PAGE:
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June 20, 2023
4 Min Read
Rivian is moving from the SAE CCS charging standard to Tesla's North American Charging Standard.Rivian
The industrywide shift from the cumbersome SAE Combination Charging Standard EV plug and the frequently troublesome public fast-charging networks that employ it to Tesla’s compact charging plug, dubbed the North American Charging Standard, and that company’s fast and reliable Supercharger network of charging stations is accelerating, as Rivian is the most recent company announcing plans to shift to Tesla’s charging system.
“Today we signed an agreement with @Tesla to adopt the North American Charging Standard,” Rivian announced via Twitter. “This opens charging for Rivian vehicles on Tesla's Supercharger network across the United States and Canada. Access starts as soon as Spring 2024.”
“This is big news,” declared Sandy Munro, founder of Munro & Associates in a video response that he posted to Twitter. “First: Ford. Then GM. A whole bunch of Germans are contemplating this. And now Rivian. This is good news for the electric community.”
According to Reuters, Hyundai president Jaehoon Chang told analysts during the company’s investor day that Hyundai is considering a switch to Tesla’s NACS standard, but that it considering its customers’ concerns. This is because, despite its many shortcomings, the existing networks of public DC fast chargers do include stations that are theoretically capable of charging at a 350-kilowatt rate, which is faster than Tesla’s 250-kW maximum.
Drivers who have regularly used the 350-kW chargers know from experience that they rarely achieve this rate, so this difference in peak charging rates is probably not the obstacle it appears to be when considering theoretical capabilities.
The Charging Interface Initiative (CharIN) has also tentatively backed the idea of supporting Tesla’s NACS charging specification, but the group’s chairman of the board in the U.S., Oleg Logvinov, remains insistent that Tesla’s NACS and the SAE CCS will co-exist in competition with each other.
“CCS isn’t going anywhere,” Logvinov declared in an interview with Design News. The charging standard encompasses more than just the physical shape of the charging plug and the location of the charging pins within it, he pointed out. It also includes the communication protocol between the charging station and the vehicle, which has to be satisfactorily tested for safety and security, he said.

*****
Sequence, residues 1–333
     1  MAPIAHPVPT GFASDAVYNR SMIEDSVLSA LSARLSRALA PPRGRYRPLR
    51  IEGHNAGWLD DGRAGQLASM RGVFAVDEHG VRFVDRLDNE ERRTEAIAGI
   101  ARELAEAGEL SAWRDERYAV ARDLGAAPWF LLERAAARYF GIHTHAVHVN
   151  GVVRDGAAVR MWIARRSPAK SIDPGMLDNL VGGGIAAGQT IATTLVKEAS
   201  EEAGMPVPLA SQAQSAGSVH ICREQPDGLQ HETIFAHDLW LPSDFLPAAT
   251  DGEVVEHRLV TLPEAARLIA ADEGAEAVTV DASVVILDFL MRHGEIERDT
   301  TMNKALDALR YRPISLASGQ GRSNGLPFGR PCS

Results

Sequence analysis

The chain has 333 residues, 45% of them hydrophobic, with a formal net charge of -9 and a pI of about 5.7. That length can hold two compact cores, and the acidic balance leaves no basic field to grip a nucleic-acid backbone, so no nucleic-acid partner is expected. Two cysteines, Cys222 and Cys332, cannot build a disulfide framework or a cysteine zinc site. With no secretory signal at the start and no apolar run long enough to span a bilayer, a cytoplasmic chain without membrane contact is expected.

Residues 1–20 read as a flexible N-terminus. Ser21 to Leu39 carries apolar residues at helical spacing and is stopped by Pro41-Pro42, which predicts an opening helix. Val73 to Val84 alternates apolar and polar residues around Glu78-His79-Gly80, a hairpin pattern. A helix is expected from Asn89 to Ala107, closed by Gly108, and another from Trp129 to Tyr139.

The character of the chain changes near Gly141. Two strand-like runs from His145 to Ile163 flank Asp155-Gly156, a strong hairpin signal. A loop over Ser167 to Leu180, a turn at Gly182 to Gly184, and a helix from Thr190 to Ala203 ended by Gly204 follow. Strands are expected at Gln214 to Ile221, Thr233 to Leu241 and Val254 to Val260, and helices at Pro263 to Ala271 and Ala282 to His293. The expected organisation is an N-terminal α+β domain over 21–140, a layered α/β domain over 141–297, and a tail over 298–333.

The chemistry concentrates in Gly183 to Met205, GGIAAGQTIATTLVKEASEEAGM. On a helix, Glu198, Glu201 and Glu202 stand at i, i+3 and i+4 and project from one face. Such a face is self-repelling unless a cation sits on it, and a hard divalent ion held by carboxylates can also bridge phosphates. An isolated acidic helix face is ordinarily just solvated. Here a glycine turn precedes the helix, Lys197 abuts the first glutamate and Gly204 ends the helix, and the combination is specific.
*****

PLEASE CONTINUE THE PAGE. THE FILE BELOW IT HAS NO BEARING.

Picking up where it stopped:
The announcements from Ford, GM, and so far, Rivian, involve the use of adapters for vehicles equipped with CCS ports starting next year, with the production of new vehicles including the NACS port starting in three years. “In the next two or three years we’re going to sell a lot of CCS vehicles,” he pointed out.
With EV sales growing quickly, those years’ production will represent a large number of vehicles with CCS ports. However, we’ve seen how Apple moved on from its 32-pin iPod port on its iPhone despite a huge installed base and millions of American households had Sony Beta VCRs when video rental stores discontinued their support for Sony’s technically superior videotape specification in favor of the VHS format.
The question for a charging standard is what qualifies as a standard. If industrywide (or nearly so) adoption establishes a de facto standard, isn’t that a standard?
Not for Logvinov, who insists that standards must be agreed to by committees of stakeholders, as happened when the CCS standard was established. However, describing something as looking like it was designed by a committee is not generally complementary, and if the NACS specification is adopted by carmakers and public charging networks, does it matter whether it has been vetted in numerous meetings?
“Customers and the EV industry need trustworthy open charging standards to ensure confidence in the availability, reliability, safety, and adaptability of the standard over time,” said the CharIN announcement regarding the growing support for NACS. “NACS should be submitted to standards bodies to unify the charging standards market in North America.”
Whether that is a necessary step remains to be determined, but with each announcement of support by additional automakers, it seems as if the industry has decided.
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